Weird response. The people who want liberalism in Muslim societies are absolutely the people I support. The Iranians who support making their country a liberal society are at the pinnacle of the fight against fundamentalist Islam. Honestly, usually it's the regressives who like their Muslims to be fundamentalist morons, hence why they do hatchet jobs on people like Maajid Nawaz, so this is a particularly bizarre misfire from you.
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    (Original post by KingBradly)
    Weird response. The people who want liberalism in Muslim societies are absolutely the people I support. The Iranians who support making their country a liberal society are at the pinnacle of the fight against fundamentalist Islam. Honestly, usually it's the regressives who like their Muslims to be fundamentalist morons, hence why they do hatchet jobs on people like Maajid Nawaz, so this is a particularly bizarre misfire from you.
    I think the misunderstanding arises when people like mistake not wanting to see persecution of a hole group of people as being the same as supporting everything that group of people do. If you just say regressive leftist enough you don't have to think about anything or try and work out the best way to foster liberalism in Muslim society.

    I appose banning mosques not because I support a patriarchal religion/culture, but because I appose the state being able to dictate such things and I think a narrative of liberals (including Muslims) vs Islamist is better for spreading liberalism than making it Muslims vs the west which just plays into the hands of Islamist propaganda.
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    (Original post by ChaoticButterfly)
    I think the misunderstanding arises when people like mistake like you not wanting to see persecution of a hole group of people as being the same as supporting everything that group of people do. If you just say regressive enough you don't have to think about anything or try and work out the best way to foster liberalism in Muslim society.
    No, I just think criticising hundreds of millions of Muslims who support Sharia and think gays should be punished is very important, while regressives routinely deflect this necessary criticism with ridiculous, mindless, baseless platitudes like "religion of peace" and "99% of Muslims are peaceful", or they would rather deflect criticism of the horrific treatment of women in many Muslim communities and societies by uttering some ridiculous whataboutery about "lad culture" or women choosing to take their clothes off for newspapers. Every time regressives do that stuff, every time they say that hijabs are actually "feminist", every time they write hatchet jobs about Maajid Nawaz or Ayaan Hirsi Ali, they counter the progress of all the secularists, liberals, and reformists in countries like Iran or Pakistan.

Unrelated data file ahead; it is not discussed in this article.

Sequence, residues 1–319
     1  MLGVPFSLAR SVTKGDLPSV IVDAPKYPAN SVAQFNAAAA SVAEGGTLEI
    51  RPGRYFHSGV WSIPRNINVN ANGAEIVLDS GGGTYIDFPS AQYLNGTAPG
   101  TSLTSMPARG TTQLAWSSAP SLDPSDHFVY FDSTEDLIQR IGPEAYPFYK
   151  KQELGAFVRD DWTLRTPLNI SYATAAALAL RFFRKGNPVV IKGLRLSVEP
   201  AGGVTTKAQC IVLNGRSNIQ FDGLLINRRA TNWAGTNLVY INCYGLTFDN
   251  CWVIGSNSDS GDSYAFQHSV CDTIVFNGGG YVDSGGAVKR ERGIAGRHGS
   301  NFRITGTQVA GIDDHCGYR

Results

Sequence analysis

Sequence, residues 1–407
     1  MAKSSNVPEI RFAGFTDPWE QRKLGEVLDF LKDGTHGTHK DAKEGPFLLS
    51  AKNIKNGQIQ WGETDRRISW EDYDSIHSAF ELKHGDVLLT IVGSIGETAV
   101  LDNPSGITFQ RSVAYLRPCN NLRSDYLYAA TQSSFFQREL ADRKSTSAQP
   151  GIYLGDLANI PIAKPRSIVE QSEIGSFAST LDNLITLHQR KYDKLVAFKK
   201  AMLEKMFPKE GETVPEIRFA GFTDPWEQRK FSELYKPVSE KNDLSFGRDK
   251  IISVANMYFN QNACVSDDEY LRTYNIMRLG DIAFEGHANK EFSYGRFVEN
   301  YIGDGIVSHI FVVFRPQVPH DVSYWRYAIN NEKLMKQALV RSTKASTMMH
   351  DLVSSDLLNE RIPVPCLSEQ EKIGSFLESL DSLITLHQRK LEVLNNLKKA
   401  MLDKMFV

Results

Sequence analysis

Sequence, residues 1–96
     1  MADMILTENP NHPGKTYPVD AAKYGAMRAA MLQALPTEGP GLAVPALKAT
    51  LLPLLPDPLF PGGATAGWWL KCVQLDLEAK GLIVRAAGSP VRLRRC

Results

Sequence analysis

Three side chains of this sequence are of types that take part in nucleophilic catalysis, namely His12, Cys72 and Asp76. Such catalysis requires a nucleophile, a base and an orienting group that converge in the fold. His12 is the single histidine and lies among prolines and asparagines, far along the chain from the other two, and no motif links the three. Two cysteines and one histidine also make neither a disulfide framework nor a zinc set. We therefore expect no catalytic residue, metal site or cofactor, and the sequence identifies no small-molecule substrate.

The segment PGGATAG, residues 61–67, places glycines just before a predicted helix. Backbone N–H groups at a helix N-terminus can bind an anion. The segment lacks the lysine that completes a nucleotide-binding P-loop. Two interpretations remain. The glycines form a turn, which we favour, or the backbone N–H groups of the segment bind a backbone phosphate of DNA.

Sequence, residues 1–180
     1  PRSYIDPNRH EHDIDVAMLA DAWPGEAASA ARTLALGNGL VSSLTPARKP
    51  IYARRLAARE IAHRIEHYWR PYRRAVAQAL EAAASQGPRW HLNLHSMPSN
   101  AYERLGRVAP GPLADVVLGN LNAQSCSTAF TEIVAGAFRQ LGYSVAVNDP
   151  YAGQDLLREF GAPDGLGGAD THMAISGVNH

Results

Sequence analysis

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    (Original post by KingBradly)
    No, I just think criticising hundreds of millions of Muslims who support Sharia and think gays should be punished is very important, while regressives routinely deflect this necessary criticism with ridiculous, mindless, baseless platitudes like "religion of peace" and "99% of Muslims are peaceful", or they would rather deflect criticism of the horrific treatment of women in many Muslim communities and societies by uttering some ridiculous whataboutery about "lad culture" or women choosing to take their clothes off for newspapers. Every time regressives do that stuff, every time they say that hijabs are actually "feminist", every time they write hatchet jobs about Maajid Nawaz or Ayaan Hirsi Ali, they counter the progress of all the secularists, liberals, and reformists in countries like Iran or Pakistan.
    One of the things I've never understood is why Religion has remained in the 'holy bastion' of things that mustn't be criticised.

    Nazism is banned because it promotes hatred against other races and is a dangerous ideology.

    We look down on football hooliganism 'culture' and dismiss it as horrid.

    Yet whenever the time comes to judge someones religious ideology, or the culture of their country/people, suddenly we must reserve our judgement, otherwise we are racist bigots with intolerant attitudes.

    The problem is that we hold people to the same standards we would want to be held to, when the reality is these same people do not have anywhere close to the same standards. The rape/molesting culture of middle-easterners is a perfect example of that.

    If you disagree with the core fundamental principles of a religious ideology, then you should be free to voice your concerns and opinions without being labelled a bigot.
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    (Original post by FCB)
    One of the things I've never understood is why Religion has remained in the 'holy bastion' of things that mustn't be criticised.

    Nazism is banned because it promotes hatred against other races and is a dangerous ideology.

    We look down on football hooliganism 'culture' and dismiss it as horrid.

    Yet whenever the time comes to judge someones religious ideology, or the culture of their country/people, suddenly we must reserve our judgement, otherwise we are racist bigots with intolerant attitudes.

    The problem is that we hold people to the same standards we would want to be held to, when the reality is these same people do not have anywhere close to the same standards. The rape/molesting culture of middle-easterners is a perfect example of that.

    If you disagree with the core fundamental principles of a religious ideology, then you should be free to voice your concerns and opinions without being labelled a bigot.
    There are two types of bigot: one who dislikes other ideas to their own simply because they are different, and one who has reasons for disliking an idea which is different to his own. I really see no harm in the latter.